“By identifying and listing the tangible causes, we were able to suggest effective remedies. Minor changes that could make a big difference. This is also what is so great about being a researcher. By finding things out, it is actually possible to drive through changes that have a real impact,” she says.
So Anna Mia Ekström's motto is “Just do it”. And according to the UNAIDS, it is possible to eradicate HIV within 30–40 years. In order to achieve this, the targets by 2020 have been set for 90 per cent being aware they are infected, 90 per cent of those who are aware they are infected should receive treatment and, finally, that this treatment is managed so well that 90 per cent of those who are treated have undetectable virus levels.
“This is how good the situation is in Sweden already, so we are demonstrating that it is possible,” says Anna Mia Ekström.
THAT SHE INSTINCTIVELY watches out for those who are weak, marginalised and vulnerable was surely one of the reasons why Anna Mia Ekström ended up researching global health and HIV, a field in which she has been working since the beginning of the 2000s. That she is also focused on results can certainly be of assistance when she comes up against apparently hopeless situations, like at the children's home in Rakai. But there was also hope there, believes Anna Mia Ekström.
“I saw the significance of an enthusiastic driving force. The manager, Ida, acts as both the children's teacher and their mother. She really does mean everything to these children, who would otherwise be completely alone. If she wasn't doing it – who would? I think about research in kind of the same way – if we were not identifying problems and finding solutions – who would then do it?”
No, exactly. Just do it.
Anna Mia Ekström on ...
... Hans Rosling. He is a close friend and a great source of inspiration. He participates in my research group, mainly as a teacher in global health. He is always open to new knowledge and to re-evaluating his point of view, just as I would also like to.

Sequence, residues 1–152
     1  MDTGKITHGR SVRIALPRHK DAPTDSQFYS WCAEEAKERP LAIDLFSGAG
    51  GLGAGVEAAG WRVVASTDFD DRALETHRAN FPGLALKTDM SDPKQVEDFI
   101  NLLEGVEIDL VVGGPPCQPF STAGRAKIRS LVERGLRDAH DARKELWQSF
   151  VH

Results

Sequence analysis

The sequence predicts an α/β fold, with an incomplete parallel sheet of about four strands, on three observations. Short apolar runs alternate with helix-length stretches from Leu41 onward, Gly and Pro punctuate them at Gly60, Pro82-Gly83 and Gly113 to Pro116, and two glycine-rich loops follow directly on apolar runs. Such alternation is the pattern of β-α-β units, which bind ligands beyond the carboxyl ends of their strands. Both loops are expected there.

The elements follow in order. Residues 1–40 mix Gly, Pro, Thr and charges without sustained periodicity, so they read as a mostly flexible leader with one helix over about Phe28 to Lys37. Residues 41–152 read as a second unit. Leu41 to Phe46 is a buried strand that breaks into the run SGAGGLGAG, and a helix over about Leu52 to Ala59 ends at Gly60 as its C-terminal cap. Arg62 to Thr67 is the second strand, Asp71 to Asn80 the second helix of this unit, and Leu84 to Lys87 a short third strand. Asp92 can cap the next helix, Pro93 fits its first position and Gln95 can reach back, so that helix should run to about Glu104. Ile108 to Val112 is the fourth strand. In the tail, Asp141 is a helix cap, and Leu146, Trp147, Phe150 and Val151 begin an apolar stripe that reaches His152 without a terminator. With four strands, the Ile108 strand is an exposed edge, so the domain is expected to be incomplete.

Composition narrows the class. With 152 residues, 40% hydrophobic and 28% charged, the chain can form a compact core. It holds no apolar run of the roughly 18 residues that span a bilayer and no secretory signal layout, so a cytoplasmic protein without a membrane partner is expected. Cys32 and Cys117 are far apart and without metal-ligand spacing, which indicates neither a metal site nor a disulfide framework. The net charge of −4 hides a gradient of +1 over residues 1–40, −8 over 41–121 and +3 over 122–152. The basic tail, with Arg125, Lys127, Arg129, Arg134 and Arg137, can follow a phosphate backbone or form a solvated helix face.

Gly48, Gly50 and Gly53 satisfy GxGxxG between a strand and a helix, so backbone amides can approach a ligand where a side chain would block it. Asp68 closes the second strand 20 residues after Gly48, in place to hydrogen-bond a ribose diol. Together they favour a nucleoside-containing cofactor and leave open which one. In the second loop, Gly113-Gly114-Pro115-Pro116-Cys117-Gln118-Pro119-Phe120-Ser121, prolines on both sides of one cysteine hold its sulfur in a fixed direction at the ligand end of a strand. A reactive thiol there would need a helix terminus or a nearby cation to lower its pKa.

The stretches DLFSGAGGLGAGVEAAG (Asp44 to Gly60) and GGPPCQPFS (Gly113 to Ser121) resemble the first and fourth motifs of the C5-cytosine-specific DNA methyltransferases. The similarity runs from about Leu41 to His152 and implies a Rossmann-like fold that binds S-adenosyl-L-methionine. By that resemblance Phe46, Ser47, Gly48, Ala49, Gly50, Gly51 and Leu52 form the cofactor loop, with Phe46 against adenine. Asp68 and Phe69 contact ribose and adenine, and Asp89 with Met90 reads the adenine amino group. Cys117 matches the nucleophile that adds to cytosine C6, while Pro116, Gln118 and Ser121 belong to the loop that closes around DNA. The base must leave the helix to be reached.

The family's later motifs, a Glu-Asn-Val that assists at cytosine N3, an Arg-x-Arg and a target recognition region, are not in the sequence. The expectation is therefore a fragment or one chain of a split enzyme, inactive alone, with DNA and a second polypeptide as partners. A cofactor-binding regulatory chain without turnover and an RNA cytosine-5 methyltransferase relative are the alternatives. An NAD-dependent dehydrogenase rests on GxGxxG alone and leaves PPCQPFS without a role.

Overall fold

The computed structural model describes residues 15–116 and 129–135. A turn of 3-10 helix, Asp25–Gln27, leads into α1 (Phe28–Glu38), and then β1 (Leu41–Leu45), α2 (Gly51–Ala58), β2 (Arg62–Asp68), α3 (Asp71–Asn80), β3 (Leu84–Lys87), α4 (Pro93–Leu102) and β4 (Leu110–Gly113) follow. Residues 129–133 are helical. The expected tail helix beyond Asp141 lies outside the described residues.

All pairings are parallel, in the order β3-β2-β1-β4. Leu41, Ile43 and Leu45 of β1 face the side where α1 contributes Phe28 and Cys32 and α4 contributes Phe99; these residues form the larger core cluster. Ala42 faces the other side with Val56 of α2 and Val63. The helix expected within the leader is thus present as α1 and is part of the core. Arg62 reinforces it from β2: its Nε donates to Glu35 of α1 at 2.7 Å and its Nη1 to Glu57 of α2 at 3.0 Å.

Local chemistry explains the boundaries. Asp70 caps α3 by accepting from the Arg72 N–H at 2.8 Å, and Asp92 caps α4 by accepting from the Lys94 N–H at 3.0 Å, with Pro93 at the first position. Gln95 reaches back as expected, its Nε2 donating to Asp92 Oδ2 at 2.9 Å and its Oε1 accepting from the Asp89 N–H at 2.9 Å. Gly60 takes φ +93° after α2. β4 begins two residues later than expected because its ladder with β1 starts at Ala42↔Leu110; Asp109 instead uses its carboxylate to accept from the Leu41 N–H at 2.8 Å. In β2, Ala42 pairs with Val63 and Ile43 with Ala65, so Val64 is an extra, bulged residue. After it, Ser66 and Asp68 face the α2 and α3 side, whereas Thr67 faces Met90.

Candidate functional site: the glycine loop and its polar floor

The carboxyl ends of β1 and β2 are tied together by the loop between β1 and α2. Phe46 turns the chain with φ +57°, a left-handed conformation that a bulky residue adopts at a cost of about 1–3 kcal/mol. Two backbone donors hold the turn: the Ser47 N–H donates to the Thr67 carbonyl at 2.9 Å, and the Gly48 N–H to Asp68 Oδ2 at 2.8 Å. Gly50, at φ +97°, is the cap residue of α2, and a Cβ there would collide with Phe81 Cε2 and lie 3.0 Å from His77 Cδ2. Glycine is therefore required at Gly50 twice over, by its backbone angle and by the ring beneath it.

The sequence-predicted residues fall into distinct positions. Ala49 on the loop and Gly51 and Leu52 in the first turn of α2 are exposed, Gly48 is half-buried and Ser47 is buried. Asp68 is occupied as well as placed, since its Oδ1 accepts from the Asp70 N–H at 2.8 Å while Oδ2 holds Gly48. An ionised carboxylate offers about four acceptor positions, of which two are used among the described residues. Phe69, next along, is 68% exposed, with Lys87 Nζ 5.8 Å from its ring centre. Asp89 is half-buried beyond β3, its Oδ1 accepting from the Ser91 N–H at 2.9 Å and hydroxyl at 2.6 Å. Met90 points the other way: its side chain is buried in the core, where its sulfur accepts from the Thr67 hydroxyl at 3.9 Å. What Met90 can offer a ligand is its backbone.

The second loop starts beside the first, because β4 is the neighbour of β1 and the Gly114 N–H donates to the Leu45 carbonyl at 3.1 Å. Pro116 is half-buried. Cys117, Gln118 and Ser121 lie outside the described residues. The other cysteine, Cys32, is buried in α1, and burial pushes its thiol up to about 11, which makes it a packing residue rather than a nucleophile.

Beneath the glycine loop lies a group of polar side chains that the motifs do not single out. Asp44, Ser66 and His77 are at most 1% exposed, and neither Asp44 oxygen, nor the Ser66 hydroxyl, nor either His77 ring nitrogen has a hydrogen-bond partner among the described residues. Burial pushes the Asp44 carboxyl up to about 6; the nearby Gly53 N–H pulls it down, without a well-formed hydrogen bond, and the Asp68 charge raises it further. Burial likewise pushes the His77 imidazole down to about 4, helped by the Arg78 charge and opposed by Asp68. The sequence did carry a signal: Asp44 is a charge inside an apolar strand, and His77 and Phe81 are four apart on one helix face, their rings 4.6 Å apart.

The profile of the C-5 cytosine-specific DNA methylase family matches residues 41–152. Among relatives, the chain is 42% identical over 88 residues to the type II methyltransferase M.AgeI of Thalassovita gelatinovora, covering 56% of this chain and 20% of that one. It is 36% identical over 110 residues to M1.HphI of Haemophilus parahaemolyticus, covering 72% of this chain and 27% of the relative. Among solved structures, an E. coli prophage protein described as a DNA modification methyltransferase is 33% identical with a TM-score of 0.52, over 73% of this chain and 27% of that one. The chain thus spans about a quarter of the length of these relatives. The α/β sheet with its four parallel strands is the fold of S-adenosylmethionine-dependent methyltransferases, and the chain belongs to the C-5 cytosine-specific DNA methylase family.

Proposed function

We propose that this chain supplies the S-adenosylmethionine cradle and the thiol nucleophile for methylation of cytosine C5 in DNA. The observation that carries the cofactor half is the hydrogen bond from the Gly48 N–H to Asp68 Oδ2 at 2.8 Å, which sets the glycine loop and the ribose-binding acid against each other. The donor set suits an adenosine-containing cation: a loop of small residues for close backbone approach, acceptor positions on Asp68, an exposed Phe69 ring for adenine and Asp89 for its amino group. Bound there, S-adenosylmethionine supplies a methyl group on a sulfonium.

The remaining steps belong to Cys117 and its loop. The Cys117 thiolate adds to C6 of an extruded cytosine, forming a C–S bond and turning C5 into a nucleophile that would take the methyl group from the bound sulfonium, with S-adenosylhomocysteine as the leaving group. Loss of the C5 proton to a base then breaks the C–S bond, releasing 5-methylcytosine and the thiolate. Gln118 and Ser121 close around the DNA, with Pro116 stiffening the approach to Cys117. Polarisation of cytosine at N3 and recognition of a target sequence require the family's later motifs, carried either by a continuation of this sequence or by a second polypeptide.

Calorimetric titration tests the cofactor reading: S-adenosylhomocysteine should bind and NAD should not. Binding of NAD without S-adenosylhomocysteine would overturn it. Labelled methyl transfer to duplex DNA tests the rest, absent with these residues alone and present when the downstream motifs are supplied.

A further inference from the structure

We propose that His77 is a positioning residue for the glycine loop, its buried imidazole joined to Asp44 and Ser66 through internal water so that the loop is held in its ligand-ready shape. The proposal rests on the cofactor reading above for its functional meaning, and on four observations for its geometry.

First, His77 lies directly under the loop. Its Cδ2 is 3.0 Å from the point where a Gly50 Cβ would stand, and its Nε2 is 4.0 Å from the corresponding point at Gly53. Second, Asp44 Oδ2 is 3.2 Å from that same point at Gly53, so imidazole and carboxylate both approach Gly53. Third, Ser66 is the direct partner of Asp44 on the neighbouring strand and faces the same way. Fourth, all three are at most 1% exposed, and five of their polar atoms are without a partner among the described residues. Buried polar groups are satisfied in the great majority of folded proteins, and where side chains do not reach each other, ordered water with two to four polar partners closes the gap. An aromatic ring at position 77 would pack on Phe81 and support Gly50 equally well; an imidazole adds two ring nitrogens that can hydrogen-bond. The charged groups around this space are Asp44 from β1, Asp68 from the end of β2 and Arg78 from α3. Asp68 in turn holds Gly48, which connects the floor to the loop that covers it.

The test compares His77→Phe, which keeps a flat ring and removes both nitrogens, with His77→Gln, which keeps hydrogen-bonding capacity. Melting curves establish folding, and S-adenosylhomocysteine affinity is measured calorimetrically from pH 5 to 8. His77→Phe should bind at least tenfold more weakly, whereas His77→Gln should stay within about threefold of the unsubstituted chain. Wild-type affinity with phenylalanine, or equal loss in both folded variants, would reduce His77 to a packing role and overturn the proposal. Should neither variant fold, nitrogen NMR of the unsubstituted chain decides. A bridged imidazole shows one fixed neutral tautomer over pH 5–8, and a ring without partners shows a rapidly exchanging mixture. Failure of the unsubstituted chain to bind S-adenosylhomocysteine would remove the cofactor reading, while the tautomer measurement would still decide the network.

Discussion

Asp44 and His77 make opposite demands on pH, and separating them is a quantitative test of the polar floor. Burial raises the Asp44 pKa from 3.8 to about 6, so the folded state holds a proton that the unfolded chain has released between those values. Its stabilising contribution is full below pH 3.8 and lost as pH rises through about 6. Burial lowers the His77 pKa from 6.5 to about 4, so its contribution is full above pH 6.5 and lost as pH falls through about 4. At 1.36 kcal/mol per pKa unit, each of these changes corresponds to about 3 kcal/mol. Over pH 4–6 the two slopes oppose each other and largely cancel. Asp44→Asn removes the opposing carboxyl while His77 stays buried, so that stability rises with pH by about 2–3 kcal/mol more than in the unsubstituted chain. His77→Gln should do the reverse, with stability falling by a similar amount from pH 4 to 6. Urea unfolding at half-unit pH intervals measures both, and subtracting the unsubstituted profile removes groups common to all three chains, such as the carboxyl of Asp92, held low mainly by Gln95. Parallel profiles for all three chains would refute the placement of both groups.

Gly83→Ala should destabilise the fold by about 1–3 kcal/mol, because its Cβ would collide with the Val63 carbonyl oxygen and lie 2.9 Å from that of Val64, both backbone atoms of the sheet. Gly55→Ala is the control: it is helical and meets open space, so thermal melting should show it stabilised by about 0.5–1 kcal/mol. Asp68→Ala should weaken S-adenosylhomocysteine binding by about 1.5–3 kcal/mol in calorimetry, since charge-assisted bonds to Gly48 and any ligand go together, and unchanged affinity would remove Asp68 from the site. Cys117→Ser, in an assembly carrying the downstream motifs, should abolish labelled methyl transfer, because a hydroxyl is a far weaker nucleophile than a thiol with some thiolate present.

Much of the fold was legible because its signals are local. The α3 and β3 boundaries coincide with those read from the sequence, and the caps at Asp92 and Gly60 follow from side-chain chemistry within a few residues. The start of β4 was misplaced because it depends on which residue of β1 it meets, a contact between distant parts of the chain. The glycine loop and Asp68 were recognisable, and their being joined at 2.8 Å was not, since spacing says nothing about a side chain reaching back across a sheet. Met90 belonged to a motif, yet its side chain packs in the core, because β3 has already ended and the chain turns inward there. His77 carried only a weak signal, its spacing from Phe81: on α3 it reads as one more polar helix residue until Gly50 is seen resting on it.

... curiosity. No, that's not my main driving force. There are so many basic problems in this world that need to be solved before I'll have time to be curious. Instead, I feel a great deal of responsibility for ensuring my research is beneficial.
... Jonas Gardell's novels. They highlight the vulnerability of HIV positive people in the 1980s and 90s in a very good way. But along with all the attention, we missed a golden opportunity to inform people about how much the situation has now improved.
... the duty to inform. The majority of people who are infected with HIV catch the virus from someone who has HIV without knowing about it (true for almost half of the 37 million who are infected). Placing the responsibility solely on the person who has HIV creates a false sense of security and thus doesn't stop the epidemic either.
... Sweden and LGBTQ issues. Sweden is best in the world at taking about sex and LGBTQ issues. No-one else is pushing these issues, which is why it is so important that we do so.
Text Cecilia Odlind, first published in Swedish in the magazine Medicinsk Vetenskap no 1/2016.